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[8] to the governor was impracticable under the circumstances. He would telegraph the citizens of Helena to that effect, since the governor had given him the dispatch to answer.

Adjutant-General Burgevine was brother-in-law of Governor Rector, and brother of the Burgevine of whom Gen. Edward Forrester wrote in his reminiscences of the great Tai-Ping rebellion in China, describing the battle of Fung-Wah: ‘This was the last battle fought by the “ever victorious army” under my command. My broken health compelled me to retire, and General Burgevine was appointed my successor.’

‘But, General,’ it was suggested, ‘suppose you frame a dispatch as follows: “The governor has no authority to summon you to take possession of a Federal post, whether threatened to be reinforced or not. Should the people assemble in their defense, the governor will interpose his official position in their behalf.” ’ The adjutant-general resolved to send a dispatch in something like these words, and did so, with the immediate effect of arousing, not only the citizens of Helena and vicinity, but all the planting region which received the news, and the movement to take the arsenal was immediately set on foot.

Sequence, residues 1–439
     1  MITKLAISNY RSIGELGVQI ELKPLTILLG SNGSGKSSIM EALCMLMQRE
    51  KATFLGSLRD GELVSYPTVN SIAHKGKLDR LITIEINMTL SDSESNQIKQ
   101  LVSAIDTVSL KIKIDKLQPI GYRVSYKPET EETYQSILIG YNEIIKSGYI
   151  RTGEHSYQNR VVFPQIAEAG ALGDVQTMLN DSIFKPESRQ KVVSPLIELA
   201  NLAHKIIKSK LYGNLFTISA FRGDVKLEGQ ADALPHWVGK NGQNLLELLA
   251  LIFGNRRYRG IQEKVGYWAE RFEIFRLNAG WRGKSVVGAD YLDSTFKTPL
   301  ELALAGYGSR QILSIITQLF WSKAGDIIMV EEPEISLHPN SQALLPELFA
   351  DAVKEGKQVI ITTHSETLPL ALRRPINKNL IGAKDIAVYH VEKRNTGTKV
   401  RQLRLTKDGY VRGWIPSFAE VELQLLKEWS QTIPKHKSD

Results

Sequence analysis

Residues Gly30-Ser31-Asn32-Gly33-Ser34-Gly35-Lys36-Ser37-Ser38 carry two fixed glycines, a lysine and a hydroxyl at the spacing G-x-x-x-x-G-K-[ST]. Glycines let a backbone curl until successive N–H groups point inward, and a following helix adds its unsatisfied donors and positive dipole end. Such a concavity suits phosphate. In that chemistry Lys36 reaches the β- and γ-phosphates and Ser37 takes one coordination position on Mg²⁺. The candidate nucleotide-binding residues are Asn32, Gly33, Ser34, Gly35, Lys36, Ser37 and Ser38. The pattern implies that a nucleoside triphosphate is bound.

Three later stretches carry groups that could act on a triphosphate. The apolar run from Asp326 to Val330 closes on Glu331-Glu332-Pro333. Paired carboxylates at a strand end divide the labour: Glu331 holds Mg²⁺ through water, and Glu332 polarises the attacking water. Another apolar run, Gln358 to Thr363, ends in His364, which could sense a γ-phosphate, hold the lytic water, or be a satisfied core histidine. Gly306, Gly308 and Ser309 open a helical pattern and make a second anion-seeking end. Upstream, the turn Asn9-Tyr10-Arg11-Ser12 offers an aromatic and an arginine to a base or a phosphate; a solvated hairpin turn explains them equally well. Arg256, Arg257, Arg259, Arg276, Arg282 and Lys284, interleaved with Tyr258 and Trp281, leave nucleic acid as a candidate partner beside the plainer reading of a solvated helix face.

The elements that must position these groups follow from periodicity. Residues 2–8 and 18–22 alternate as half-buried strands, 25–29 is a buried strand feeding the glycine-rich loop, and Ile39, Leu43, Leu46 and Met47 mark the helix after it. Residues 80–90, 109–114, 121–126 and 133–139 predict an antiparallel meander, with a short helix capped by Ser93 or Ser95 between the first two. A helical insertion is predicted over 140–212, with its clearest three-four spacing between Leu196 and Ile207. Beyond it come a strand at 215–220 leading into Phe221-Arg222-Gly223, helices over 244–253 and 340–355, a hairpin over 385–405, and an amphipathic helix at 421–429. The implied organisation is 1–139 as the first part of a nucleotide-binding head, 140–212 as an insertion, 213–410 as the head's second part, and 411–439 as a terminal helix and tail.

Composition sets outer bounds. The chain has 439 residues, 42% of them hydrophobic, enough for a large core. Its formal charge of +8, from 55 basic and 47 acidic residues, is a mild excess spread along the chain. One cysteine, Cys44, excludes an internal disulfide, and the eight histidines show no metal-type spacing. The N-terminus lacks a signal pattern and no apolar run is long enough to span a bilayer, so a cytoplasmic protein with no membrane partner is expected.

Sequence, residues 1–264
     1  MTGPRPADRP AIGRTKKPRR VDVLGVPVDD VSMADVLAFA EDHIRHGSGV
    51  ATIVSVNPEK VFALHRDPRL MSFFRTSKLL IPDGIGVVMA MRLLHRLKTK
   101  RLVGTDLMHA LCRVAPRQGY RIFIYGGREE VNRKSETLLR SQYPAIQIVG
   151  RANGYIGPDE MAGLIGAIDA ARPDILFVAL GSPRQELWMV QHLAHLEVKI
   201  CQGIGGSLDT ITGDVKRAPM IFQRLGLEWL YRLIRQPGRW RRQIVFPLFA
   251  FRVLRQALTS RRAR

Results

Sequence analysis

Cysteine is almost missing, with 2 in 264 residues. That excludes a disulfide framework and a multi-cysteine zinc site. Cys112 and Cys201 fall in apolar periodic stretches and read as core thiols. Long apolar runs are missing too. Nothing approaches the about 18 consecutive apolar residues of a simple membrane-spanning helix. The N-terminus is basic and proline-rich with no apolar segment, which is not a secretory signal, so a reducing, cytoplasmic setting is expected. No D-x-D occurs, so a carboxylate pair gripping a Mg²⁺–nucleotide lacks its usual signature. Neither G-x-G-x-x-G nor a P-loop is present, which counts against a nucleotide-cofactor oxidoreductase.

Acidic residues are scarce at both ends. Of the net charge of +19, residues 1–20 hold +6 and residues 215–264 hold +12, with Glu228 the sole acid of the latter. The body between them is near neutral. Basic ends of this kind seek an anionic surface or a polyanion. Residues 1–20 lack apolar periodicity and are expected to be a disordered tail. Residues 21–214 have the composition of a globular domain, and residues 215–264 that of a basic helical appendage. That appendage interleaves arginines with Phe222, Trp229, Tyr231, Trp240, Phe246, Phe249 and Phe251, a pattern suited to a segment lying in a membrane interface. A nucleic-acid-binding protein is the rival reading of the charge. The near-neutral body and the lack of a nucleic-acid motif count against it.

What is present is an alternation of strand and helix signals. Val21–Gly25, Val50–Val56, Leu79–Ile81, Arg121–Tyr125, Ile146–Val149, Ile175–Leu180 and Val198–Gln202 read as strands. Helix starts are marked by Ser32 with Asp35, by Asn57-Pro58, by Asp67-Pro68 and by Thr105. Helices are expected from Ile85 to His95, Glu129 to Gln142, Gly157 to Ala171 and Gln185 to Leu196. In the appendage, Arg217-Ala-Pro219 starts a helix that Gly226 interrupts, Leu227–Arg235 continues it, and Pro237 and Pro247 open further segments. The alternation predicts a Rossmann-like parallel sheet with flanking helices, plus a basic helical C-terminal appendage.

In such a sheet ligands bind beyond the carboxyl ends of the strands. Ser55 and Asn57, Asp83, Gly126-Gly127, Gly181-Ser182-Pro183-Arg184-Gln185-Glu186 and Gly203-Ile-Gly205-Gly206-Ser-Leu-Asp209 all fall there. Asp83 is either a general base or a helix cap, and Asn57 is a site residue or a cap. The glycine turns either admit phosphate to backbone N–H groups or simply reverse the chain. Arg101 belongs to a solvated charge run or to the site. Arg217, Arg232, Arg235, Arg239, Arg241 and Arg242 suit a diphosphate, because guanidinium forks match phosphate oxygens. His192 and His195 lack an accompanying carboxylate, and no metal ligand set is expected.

The Yell Rifles, of which that most distinguished officer, Patrick R. Cleburne, was a member, and a company of cavalry under Captain Gist, brother of Governor Gist of South Carolina, came overland, mounted and armed; the Phillips Guards, an infantry company commanded by Captain Otey, came by steamer up the Arkansas river. Several impromptu organizations came by steamer from Pine Bluff, and others by land on horseback. Soon there were several thousand men in Little Rock, assembled for the purpose of demanding the surrender of the arsenal and taking possession of the arms and munitions there stored. The inhabitants of the little city were in a state of most intense excitement.

The arsenal was situated in a grove of twenty acres, and

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